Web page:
Speculation of helicopter money refuses to die in Japan, despite repeated denials by Bank of Japan Governor Haruhiko Kuroda.
From Japan-based economists to global investors including Templeton Emerging Markets Group Executive Chairman Mark Mobius, there’s a reluctance to rule out the controversial policy coming as soon as next month amid the monetary authority’s struggles to stoke growth and inflation. Kuroda has said at least four times since April that helicopter money is not under consideration, and is prohibited by current law. He repeated over the weekend that there remains “ample space for additional easing” under the existing policy framework.
“It’s unthinkable that nothing would happen in September,” said Daiju Aoki, an economist at UBS Group AG in Tokyo. “The most likely measure would be pseudo-helicopter money where the BOJ will commit to holding Japanese government bonds for a long time.”
UBS is in good company. Mobius also said last week that direct financing of government spending could be imminent, while Aberdeen Asset Management said Japan is the most likely location for such an initiative. Bank of America Merrill Lynch’s head of global rates and currencies research David Woo said on Bloomberg Television this month that helicopter money is probably the only option left on the table.
The introduction of a negative deposit rate this year sent benchmark government bond yields tumbling to a record low of minus 0.3 percent last month. They have since retraced more than two thirds of that — and the policy failed to weaken the yen for more than a day. The 10-year sovereign yield was at minus 0.075 percent on Wednesday in Tokyo.
Talk of the BOJ needing to change tack has grown since Kuroda announced a comprehensive review of current measures for the Sept. 20-21 policy meeting, with a gauge of inflation expectations less than a sixth of the way to the 2 percent target. While Kuroda’s most recent comments underline his stance that the review won’t mean any reduction in stimulus, doubts have grown about the policy’s sustainability.
Helicopter money, a kind of last resort in unconventional monetary policy, comes in several forms. The most simple is printing money and giving it to the public in the hope they’ll spend it: equivalent to dumping cash from choppers in the air. Others include putting money directly into the hands of companies or financing state spending by having the BOJ buy bonds straight from the government.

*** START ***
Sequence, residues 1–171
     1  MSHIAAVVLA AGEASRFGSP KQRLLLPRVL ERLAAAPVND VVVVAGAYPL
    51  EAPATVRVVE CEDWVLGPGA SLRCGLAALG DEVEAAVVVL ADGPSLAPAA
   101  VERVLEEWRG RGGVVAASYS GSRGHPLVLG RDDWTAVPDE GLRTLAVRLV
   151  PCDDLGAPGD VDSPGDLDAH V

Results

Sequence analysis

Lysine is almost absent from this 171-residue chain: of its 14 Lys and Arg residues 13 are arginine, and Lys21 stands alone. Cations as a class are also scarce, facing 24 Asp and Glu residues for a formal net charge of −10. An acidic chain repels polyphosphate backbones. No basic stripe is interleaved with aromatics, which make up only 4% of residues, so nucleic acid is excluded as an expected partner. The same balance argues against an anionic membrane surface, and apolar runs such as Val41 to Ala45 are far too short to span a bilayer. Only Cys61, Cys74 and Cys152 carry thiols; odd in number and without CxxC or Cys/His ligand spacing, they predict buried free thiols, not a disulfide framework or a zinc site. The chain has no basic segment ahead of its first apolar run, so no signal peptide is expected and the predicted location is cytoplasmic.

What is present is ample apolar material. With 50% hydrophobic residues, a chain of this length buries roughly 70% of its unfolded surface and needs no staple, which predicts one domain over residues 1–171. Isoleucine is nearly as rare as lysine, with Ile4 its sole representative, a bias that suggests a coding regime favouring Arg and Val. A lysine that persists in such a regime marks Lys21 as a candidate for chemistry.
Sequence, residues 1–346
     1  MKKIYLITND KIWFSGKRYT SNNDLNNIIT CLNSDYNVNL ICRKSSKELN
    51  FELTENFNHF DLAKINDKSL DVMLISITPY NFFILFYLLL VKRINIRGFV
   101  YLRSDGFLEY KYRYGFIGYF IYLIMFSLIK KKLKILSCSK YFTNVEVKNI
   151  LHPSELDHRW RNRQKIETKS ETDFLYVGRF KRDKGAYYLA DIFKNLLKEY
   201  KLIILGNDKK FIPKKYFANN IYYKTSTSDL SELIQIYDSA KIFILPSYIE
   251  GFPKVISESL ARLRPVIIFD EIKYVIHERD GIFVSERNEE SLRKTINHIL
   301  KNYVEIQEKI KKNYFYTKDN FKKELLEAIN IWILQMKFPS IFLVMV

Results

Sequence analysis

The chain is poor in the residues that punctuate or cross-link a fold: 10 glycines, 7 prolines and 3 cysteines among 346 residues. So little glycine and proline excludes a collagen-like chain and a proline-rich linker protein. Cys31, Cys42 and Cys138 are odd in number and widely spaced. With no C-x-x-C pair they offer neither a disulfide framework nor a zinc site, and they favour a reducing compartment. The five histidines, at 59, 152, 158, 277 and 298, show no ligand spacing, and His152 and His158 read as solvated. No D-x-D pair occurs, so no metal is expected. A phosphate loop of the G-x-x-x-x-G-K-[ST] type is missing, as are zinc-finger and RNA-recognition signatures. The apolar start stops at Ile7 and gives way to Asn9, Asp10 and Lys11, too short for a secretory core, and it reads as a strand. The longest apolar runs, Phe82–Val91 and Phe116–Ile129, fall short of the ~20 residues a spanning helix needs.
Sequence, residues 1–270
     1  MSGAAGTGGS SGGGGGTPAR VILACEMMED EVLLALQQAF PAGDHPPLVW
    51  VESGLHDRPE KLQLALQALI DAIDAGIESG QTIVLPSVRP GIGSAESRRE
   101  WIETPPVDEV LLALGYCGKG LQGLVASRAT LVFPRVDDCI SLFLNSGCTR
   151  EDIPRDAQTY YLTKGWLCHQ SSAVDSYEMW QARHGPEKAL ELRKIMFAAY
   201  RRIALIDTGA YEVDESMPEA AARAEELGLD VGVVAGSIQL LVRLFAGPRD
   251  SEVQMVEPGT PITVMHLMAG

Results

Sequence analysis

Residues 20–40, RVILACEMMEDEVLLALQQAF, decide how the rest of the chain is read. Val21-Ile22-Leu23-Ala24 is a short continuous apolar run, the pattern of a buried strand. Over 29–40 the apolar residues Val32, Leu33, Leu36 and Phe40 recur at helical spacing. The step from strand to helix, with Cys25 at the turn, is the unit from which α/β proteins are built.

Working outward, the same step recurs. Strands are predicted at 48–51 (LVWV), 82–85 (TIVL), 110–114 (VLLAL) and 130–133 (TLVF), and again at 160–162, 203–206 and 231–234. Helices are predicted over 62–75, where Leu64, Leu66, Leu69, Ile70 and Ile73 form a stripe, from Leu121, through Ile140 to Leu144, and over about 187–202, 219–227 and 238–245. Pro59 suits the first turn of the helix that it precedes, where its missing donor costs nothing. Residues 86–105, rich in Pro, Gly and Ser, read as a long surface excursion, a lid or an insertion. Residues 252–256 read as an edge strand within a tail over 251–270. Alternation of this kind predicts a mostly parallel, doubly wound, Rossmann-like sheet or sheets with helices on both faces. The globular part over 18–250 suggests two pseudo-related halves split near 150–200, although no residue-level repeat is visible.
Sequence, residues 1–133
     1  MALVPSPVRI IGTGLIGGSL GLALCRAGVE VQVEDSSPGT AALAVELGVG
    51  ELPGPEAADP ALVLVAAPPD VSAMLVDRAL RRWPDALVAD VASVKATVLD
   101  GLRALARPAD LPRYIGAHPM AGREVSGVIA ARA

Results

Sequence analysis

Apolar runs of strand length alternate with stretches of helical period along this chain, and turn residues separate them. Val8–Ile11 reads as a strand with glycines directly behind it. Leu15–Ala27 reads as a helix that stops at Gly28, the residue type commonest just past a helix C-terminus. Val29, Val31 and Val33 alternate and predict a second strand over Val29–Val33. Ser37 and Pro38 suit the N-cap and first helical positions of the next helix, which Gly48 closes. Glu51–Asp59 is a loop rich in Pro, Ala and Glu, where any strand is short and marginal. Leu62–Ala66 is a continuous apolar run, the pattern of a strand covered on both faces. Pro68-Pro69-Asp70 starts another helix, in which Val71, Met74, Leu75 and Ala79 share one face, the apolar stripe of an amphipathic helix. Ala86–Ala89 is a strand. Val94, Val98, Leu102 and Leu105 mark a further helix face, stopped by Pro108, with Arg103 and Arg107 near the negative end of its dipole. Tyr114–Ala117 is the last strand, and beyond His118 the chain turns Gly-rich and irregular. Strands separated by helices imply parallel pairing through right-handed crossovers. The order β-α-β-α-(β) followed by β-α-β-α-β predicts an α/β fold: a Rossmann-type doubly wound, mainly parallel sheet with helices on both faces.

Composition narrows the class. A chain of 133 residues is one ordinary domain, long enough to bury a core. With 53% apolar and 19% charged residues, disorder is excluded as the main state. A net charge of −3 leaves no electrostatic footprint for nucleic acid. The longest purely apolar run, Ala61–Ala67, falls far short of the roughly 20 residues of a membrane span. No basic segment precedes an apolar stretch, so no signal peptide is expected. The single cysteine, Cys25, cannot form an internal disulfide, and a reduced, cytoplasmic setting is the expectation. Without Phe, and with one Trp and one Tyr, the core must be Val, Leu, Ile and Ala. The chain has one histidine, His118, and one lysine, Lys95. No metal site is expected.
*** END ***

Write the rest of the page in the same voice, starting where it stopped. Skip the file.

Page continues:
Speculation about the policy peaked in July after a visit to Tokyo by former Federal Reserve Chairman Ben S. Bernanke during which he met separately with Kuroda and Prime Minister Shinzo Abe. He floated the idea of selling perpetual bonds directly to the central bank during discussions in Washington with one of Abe’s key advisers in April.
While Kuroda reiterated last month at a Group-of-20 meeting in Chengdu, China that helicopter money is not an option, he has changed course without warning before. He announced a negative interest rate policy in January after ruling it out the previous month.
“Given Abe’s popularity, he’s in a pretty good position to change the law if he wanted to,” Michael Moen, a Sydney-based investment manager at Aberdeen Asset Management, said in a phone interview last week. “If you were going to pick a central bank around the world and a government that was going to use helicopter money, I think Japan is clearly at the top of that list.”
While Moen doesn’t expect to hear the whirl of chopper blades anytime soon, Templeton’s Mobius suggests it could come next month.
“They’re really beginning to think what ammunition they have,” he said during a visit to Tokyo last week. “The first reaction is to say, OK, let’s go for helicopter money, let’s get money directly into the hands of consumers.”
Quantitative easing is also showing signs of approaching its limit as banks run out of securities to sell.
“It’s an extremely dangerous game the market is playing, but speculation of helicopter money will never go away completely,” said Masamichi Adachi, a senior economist at JPMorgan Chase & Co. in Tokyo. “Japan needs to think now about how it would use the policy, before the time comes when it might have to deploy it.”
Dollar to Naira Today Wednesday, 29 June 2022
The dollar to naira exchange opened the day at N420.70 to a U.S. Dollar on Tuesday and closed at N421, representing a decline in value of N0.30.
The dollar to naira exchange rate today Wednesday, 29 June 2022 remained largely unchanged at the Investors and Exporters forex window and the Central Bank of Nigeria (CBN)’s section of foreign exchange.
The dollar to naira exchange opened the day at N420.70 to a U.S. Dollar on Tuesday and closed at N421, representing a decline in value of N0.30. Forex traders transacted 206.65 million dollars at the official Investors and Exporters window on Tuesday.
In the CBN forex section, U.S. Dollar was sold at N415.6 by the apex bank to authorised dealers, slightly better than N415.64 it exchanged on Monday.
Against the Pounds Sterling, the Naira appreciated from N509.824 to N508.53. However, against the Euro common currency, the value of the Naira dropped from N433.05 on Monday to N439.5 on Tuesday.
Dollar to Naira Black Market Exchange Rate
Forex scarcity continued to drag on the Naira value in the unregulated foreign exchange market popularly known as the black market.
On Wednesday, the Naira was exchanged at N614 for a United States Dollar on the black market. Representing another decline of N7 from N607 it was sold two weeks ago.
According to traders in that section of forex, rising demand amid a chronic scarcity is responsible for the wide foreign exchange rate of the local currency and could worsen if developed economies plunge into recession as widely projected.
Inflow into emerging economies like Nigeria will drop, hence impeding the apex bank’s ability to service the economy.